Friday, February 25, 2011

TOP STORY >> School funds approved for Jacksonville

Leader staff writer

In a quickly called meeting it took the four attending Pulaski County Special School District board members less than five minutes to say yes to the district’s efforts to obtain up to $15 million in construction funds.

The district wants the money to help fund the construction of three new schools, all in the Jacksonville area, and the renovation of four other district schools.

With heavy rains and tornado warnings being issued, Bill Vasquez, Tim Clark, Gwen Williams and Mildred Tatum were still able to attend the 5 p.m. Thursday meeting and actually started about four minutes earlier than scheduled because of the impending weather.

The board gave the go-ahead to the district to apply for a share of $33 million in federal stimulus funds left over from 2010. More than 20 school districts from across the state have applied for the pool of money known as Qualified School Construction Bonds.

The money will be awarded at or near zero percent.

Derek Scott, PCSSD executive director of operations, told the board that if the district received the entire $15 million, it would save $700,000 annually in the cost of construction bonds.

“Getting just $2 million, would save the district $100,000 a year,” he said.

Scott said the special meeting was called because the bond application had to be submitted to the state Monday.

Clark said with so many districts applying, the district would be “lucky to get a couple million.”

Carey Smith, with Stephens, Inc., who is helping the district obtain the money, admitted that one of the other districts applying had asked for the entire $33 million, but the state would use a formula to make sure all districts received a share. “But to say the district would get $2 million is looking on the high side,” he said.

Smith also said that the federal program is no longer being funded and after this pool of money was gone, there would be no more.

The district is looking at the funds to build a new elementary school to replace both Arnold Drive (on Little Rock Air Force Base) and Tolleson Elementary, just outside the base; to replace Jacksonville Middle School and also build a new school there to replace Jacksonville and Dupree elementary schools.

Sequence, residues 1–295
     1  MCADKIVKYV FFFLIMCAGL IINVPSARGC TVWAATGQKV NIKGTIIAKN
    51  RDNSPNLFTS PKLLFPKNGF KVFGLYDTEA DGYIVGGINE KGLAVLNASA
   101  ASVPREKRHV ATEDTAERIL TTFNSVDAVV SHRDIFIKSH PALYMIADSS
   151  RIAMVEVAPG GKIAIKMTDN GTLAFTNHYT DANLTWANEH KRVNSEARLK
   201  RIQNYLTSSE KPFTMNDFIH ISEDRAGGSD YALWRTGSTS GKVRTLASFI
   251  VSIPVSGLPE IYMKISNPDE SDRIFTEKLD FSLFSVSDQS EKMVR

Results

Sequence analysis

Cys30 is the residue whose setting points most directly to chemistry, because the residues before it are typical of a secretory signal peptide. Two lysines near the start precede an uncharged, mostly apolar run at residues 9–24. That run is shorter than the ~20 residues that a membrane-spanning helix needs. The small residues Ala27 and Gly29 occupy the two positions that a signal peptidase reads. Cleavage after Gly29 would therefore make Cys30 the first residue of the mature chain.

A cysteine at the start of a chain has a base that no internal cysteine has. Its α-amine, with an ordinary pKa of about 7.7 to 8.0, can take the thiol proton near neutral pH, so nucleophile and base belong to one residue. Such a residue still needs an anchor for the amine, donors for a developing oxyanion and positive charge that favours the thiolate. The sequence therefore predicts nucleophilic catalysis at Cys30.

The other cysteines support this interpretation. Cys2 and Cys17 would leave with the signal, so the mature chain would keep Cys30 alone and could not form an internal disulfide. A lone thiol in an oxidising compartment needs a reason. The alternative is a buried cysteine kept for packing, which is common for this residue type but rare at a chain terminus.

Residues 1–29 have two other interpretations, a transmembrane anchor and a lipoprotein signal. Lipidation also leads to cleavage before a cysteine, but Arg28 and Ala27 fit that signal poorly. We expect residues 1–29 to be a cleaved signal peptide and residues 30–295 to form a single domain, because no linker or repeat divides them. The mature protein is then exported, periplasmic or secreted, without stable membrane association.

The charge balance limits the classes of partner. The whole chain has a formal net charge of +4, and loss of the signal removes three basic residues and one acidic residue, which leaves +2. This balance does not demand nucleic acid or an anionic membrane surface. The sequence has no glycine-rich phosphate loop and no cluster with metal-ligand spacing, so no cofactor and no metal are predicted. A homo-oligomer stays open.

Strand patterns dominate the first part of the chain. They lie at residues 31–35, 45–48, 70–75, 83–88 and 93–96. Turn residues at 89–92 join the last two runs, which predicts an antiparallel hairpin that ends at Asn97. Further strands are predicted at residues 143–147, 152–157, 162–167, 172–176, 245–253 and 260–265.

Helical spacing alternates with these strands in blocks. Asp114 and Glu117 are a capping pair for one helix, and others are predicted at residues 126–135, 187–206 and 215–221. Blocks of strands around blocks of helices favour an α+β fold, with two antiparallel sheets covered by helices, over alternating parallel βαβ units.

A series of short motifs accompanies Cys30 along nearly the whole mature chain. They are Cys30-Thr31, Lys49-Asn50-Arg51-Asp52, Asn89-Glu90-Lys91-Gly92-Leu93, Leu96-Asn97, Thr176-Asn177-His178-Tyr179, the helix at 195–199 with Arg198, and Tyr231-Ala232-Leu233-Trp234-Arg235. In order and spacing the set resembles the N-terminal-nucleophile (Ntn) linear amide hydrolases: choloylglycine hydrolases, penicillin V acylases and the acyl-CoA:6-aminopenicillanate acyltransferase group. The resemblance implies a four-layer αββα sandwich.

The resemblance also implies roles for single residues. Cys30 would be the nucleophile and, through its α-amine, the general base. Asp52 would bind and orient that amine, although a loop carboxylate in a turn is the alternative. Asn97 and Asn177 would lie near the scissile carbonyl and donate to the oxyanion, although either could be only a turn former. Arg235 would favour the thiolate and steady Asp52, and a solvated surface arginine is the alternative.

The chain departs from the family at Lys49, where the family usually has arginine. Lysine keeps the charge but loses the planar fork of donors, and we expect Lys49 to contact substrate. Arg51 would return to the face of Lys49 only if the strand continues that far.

According to a letter from Dr. Charles Hopson, PCSSD superintendent, to the state education department’s facilities division, Arnold Drive was built in 1968 and Tolleson was constructed in 1957.

“The United States Air Force has indicated that they will provide a site for the new elementary school on base property that lies just outside the fenced perimeter on the base,” Hopson said in the letter.

The planned school will serve up to 750 students from kindergarten through fifth grade. Arnold Drive and Tolleson currently have a combined student population of about 600.

Jacksonville Middle School was built in 1952 and was originally designed as a high school for sophomores, juniors and seniors. The facility was converted to a junior high campus for grades seventh through ninth in 1968 when Jacksonville High School was built. In 2000 it became a middle school and to this day houses sixth-, seventh- and eighth-graders.

In his letter, Hopson said the facility “does not promote the middle-school concept of teaming. Additionally, all the classroom doors open to the outside which presents possible safety issues. This layout also presents health issues as students are exposed to inclement weather when changing classes during the day.”

The third new school will replace both Jacksonville Elementary and Warren Dupree Elementary. It will be built on land already owned by the district and will house up to 750 students. Hopson said this combined school had the backing of Jacksonville parents and residents. The current combined student population of Jacksonville and Dupree elementary schools would max out the new school.

The district also plans major remodeling and additions to Robinson Middle School, College Station Elementary, Scott Elementary and Harris Elementary.

Hopson told the education department that the district would have to obtain additional funding to finance the projects and would have to reduce the district’s operating budget to generate sufficient funds to sell bonds to cover the construction costs. Plans call for cutting $8 million from the district’s budget to issue $104 million in construction bonds.